And there is a need to establish a security culture from the CEO down. A new approach was needed that included: map controls from industry standards, with frequent updates; the leveraging of cloud platforms best practice and design patterns; the delivery of documentation in a usable format that is easily applied to any size of business; automated tracking and checks to reduce the cost of audits; and help developing new skills to build a security culture.
Noting that “we’ve been dealing with cloud and security for multiple years now,” chairman Micah Littleton said: “One of the things that we’re seeing is there’s a lot of inconsistent client guidelines that are coming in and some of them have a robust security program that they provide guidance to us and some of them are really asking us to provide what we’re doing to secure their content. So having that baseline is definitely something that would be very helpful.”
Right now, “we do not have an industrywide, mutually-agreed best practices for cloud and application security, which leads to… confusion,” noted chairman Mischa Roth. “Having an approved framework, which is adopted by content owners as well as service providers would help us to adapt to emergency situations much quicker than ever before,” he added.
And chairman Todd Burke told viewers: “If you look at how applications and services are being made, cloud is inevitable. And as a cloud provider, we look at how cloud services and capabilities can really make the creative process faster, more nimble … . Being able to better describe to each other in this industry how security works is paramount. So hopefully what we can do with this initiative is raise the level of conversation and make it clear what we’re trying to do by way of securing our platform.”
He added: “There’s friction involved in describing your approach to security as a vendor to a content creator.” The big question, he noted, is: “Do content creators want to spend their time filling out security spreadsheets or creating content?”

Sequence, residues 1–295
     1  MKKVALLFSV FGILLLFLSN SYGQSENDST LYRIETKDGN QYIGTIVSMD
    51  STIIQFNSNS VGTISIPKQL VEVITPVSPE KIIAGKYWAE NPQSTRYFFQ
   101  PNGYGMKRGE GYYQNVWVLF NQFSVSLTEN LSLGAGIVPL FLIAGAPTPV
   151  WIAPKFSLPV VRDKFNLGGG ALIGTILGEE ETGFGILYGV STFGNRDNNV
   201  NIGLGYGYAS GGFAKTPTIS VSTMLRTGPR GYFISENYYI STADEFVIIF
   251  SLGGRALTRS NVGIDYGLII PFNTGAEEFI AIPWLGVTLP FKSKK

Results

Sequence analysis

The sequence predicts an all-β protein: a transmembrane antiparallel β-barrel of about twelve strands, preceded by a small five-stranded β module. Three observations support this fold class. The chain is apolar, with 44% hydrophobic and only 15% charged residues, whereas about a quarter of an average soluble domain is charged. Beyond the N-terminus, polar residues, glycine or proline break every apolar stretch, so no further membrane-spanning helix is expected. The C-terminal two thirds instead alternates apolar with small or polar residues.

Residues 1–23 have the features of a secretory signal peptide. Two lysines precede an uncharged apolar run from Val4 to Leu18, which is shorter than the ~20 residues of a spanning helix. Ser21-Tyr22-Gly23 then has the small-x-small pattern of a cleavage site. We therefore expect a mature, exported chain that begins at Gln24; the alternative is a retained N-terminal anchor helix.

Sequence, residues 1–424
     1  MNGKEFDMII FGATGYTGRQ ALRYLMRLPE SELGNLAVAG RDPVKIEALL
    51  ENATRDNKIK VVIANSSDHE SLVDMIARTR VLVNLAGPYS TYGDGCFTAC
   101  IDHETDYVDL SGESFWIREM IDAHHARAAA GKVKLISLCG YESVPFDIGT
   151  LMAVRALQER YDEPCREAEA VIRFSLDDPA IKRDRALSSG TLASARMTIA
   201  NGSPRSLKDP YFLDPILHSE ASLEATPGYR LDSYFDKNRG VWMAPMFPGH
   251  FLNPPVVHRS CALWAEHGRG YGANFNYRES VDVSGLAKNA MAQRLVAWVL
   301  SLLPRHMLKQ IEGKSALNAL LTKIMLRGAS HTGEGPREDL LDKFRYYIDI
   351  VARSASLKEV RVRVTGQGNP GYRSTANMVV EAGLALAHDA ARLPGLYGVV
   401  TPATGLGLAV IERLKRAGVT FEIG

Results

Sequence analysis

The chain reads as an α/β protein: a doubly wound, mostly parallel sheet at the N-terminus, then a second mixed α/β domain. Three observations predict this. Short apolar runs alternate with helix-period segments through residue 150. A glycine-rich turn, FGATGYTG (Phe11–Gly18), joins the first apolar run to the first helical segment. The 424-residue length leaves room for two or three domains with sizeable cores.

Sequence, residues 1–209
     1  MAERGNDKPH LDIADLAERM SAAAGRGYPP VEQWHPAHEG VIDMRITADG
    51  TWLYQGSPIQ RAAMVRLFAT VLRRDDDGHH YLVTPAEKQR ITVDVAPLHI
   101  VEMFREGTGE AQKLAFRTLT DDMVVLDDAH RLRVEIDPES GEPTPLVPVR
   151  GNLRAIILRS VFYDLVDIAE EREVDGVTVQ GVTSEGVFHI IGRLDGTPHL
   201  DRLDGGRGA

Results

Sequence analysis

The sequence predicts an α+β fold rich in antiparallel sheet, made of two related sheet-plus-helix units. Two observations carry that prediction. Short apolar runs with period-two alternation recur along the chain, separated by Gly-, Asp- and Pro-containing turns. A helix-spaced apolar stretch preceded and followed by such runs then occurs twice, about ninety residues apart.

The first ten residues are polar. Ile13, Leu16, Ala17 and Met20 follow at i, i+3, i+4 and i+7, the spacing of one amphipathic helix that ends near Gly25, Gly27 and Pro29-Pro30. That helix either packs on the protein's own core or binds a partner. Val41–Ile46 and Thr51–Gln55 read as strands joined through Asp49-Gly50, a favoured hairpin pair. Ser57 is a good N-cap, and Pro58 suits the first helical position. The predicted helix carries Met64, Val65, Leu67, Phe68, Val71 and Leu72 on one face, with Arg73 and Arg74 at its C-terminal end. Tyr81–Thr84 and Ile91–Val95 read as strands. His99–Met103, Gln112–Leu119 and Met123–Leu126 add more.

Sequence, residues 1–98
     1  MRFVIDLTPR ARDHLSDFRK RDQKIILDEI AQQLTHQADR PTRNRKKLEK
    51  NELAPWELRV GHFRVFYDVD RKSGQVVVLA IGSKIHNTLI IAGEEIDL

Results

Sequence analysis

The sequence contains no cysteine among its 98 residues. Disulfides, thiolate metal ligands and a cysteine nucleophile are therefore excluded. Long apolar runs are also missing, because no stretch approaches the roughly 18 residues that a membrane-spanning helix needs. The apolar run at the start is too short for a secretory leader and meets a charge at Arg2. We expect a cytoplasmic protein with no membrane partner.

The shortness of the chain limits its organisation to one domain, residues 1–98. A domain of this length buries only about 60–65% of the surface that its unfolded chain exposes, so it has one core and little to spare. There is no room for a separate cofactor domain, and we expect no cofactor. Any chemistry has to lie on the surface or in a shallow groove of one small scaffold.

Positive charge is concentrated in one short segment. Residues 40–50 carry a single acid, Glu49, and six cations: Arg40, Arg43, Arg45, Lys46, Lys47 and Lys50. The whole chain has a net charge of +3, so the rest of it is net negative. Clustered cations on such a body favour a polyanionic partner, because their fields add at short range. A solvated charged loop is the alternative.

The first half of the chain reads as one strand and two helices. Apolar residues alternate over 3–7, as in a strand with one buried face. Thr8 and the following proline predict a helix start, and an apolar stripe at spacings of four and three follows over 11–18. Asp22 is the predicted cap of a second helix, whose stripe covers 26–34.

The key point is that “the more content creation we can enable by simplifying the learning about security and the communication about security standards adherence, the more content we get created,” he said, adding: “That’s certainly what I think those of us working on this are looking forward to doing”: giving everybody the ability to create more content securely.
Presented by Richey May Technology Solutions, with sponsorship by Akamai, Cyberhaven, Microsoft Azure, SHIFT, Convergent Risks, and the Trusted Partner Network (TPN), the Cybersecurity & Content Protection Summit focused on the latest cybersecurity and content protection challenges studios, broadcasters and vendors alike are facing during the ongoing pandemic.
Produced under the direction of the CDSA Board of Directors and content advisors representing Amazon Studios, Adobe, Paramount, BBC Studios, NBCUniversal, Lionsgate, WarnerMedia, Amblin Entertainment, Legendary Pictures, and Lego Group, this year’s Cybersecurity & Content Protection Summit looked ahead at the challenges facing the security community in 2020 and beyond.
To view video of the presentation, click here.